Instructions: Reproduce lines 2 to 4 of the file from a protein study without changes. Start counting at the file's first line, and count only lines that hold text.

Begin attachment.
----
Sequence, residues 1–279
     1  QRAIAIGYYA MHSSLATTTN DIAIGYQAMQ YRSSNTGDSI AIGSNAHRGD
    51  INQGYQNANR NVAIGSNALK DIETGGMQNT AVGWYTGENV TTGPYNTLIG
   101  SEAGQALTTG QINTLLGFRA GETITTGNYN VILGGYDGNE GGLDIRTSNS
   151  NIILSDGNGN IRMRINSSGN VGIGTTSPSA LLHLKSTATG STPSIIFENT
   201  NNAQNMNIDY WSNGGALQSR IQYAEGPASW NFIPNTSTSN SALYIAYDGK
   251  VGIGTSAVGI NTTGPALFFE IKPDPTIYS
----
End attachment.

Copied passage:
     1  QRAIAIGYYA MHSSLATTTN DIAIGYQAMQ YRSSNTGDSI AIGSNAHRGD
    51  INQGYQNANR NVAIGSNALK DIETGGMQNT AVGWYTGENV TTGPYNTLIG
   101  SEAGQALTTG QINTLLGFRA GETITTGNYN VILGGYDGNE GGLDIRTSNS